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I know how bitwise AND works,but I don't understand how does (sourceDragMask & NSDragOperationGeneric) work here,I don't get the point.Is there anyone can explain to me?Thanks a lot.

- (NSDragOperation)draggingEntered:(id <NSDraggingInfo>)sender
    NSPasteboard *pboard;
    NSDragOperation sourceDragMask;

    sourceDragMask = [sender draggingSourceOperationMask];
    pboard = [sender draggingPasteboard];

    if ( [[pboard types] containsObject:NSColorPboardType] )
        if (sourceDragMask & NSDragOperationGeneric)
            return NSDragOperationGeneric;

    return NSDragOperationNone;
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up vote 2 down vote accepted

I know how bitwise AND works,but I don't understand how does (sourceDragMask & NSDragOperationGeneric) work here,I don't get the point.

NSDragOperationGeneric is most likely a power of two, which means it has only one bit set. This is deliberate: Bit masks are almost all defined as powers of two (single bits) to enable bit-mask operations like this one.

The bitwise-AND operation, as you know, evaluates to only those bits that are set in both sides. If one side has only one bit (NSDragOperationGeneric) set, then the operation effectively tests whether that bit is set in the other side.

That's the point of the operation: To test whether the NSDragOperationGeneric bit is set.

There is one gotcha: As you know, a successful bitwise AND test will evaluate to the tested-for bit mask, not 1. So, for example, if you test for a bit mask that's defined as 0x100 (1 followed by 8 clear bits), then assign that result to a BOOL (which is a signed char) variable, you'll assign zero to the variable! This is why you sometimes see code like this:

BOOL supportsCopyOperation = ((dragOperations & NSDragOperationCopy) == NSDragOperationCopy);

or this:

BOOL supportsCopyOperation = ((dragOperations & NSDragOperationCopy) != 0);

or this:

BOOL supportsCopyOperation = !!(dragOperations & NSDragOperationCopy);

Other bit-mask operations include bitwise-OR (|) to set bits in a value (return NSDragOperationCopy | NSDragOperationMove;, for example) and bitwise-NOT (~, a.k.a. two's complement) to invert the bits of a value, usually for “anything but” tests.

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NSDragOperationGeneric is a bit-mask — probably a power of two — meaning that only one bit in the number is set. A bit-wise & with sourceDragMask will produce a non-zero output if and only if the corresponding bit is set in sourceDragMask.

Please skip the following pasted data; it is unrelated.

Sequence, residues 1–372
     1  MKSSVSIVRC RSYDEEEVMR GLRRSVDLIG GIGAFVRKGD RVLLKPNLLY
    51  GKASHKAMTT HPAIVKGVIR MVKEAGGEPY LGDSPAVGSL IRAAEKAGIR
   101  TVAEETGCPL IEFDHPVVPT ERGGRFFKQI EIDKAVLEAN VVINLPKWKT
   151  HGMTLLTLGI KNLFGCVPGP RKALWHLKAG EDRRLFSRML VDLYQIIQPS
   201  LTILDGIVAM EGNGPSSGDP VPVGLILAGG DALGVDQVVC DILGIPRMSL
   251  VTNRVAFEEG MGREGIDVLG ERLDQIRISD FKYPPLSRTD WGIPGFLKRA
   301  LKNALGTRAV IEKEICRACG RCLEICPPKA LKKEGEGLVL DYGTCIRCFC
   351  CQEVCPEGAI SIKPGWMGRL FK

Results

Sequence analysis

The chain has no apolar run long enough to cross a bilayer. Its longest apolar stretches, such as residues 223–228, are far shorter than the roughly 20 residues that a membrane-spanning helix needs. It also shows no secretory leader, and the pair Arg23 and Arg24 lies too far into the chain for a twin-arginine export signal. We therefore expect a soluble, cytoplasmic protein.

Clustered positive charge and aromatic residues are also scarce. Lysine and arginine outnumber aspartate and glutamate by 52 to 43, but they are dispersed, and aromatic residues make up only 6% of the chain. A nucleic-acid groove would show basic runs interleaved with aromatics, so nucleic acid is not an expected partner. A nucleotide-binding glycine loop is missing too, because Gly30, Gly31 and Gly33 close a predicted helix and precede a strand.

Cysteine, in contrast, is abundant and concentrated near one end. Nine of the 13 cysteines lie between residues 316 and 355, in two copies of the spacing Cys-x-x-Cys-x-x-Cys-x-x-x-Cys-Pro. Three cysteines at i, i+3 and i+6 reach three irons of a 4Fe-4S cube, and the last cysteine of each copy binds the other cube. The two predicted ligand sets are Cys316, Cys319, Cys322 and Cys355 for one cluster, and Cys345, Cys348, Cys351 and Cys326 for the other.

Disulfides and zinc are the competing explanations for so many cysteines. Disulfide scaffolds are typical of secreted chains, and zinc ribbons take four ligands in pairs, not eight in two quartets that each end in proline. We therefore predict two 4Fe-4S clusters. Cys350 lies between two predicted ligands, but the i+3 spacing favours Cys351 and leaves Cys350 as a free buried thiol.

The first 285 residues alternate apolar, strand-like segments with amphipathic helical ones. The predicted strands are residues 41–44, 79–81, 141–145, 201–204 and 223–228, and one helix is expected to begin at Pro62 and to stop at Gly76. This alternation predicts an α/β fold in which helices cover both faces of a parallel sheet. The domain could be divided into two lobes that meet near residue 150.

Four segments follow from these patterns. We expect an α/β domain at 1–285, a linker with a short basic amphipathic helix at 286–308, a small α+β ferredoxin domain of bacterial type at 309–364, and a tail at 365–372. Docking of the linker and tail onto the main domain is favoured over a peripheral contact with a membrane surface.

Hypothetically (I don't know the actual value of NSDragOperationGeneric):

sourceDragMask:         00011010
NSDragOperationGeneric: 00001000
a & b:                  00001000

In short, the if statement will succeed if sourceDragMask has the `NSDragOperationGeneric' bit set.

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sourceDragMask is what's called a bitmask: an integer that represents a a number of boolean flags. It's declared as a variable of type NSDragOperation, which is actually typedefed from NSUInteger—it really is just that.

First off, the & operator is what's known as a "bitwise AND", which simply takes two numbers ANDs each of the bits in them to create a new value. For example, 0011 1001 & 0101 1010 == 0001 000157 & 90 = 17. Similarly, the | operator does a bitwise OR. Using these operators, we can use each of those 1s and 0s as a boolean flag separately.

So, if, for example, sourceDragMask is the value 12, what does this tell us? In binary, 12 is represented as 0000 1100, or 8 | 4, which according to the NSDraggingInfo Protocol Reference, is NSDragOperationPrivate | NSDragOperationGeneric. So if we & this with NSDragOperationGeneric, we get 4 out, which is non-zero and therefore true. In this way, we can check whether a bitmask contains a certain flag.

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